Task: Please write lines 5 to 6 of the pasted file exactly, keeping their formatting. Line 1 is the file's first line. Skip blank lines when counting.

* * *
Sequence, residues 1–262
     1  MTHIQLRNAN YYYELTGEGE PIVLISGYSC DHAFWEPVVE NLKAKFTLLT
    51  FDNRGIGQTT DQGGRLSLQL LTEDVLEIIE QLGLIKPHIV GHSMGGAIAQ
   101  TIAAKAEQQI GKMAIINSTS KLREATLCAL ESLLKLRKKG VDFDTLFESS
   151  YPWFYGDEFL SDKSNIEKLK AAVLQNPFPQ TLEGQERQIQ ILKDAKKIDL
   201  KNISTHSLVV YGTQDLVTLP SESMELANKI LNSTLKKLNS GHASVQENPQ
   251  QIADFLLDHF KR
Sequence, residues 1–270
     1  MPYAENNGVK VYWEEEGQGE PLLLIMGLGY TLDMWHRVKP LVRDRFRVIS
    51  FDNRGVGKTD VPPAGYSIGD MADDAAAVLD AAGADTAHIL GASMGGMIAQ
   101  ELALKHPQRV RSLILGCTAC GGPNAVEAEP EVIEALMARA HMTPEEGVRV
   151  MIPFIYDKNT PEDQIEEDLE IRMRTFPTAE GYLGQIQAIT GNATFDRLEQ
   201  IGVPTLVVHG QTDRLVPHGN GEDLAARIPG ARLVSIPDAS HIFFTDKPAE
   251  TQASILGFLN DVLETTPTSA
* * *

   151  YPWFYGDEFL SDKSNIEKLK AAVLQNPFPQ TLEGQERQIQ ILKDAKKIDL
   201  KNISTHSLVV YGTQDLVTLP SESMELANKI LNSTLKKLNS GHASVQENPQ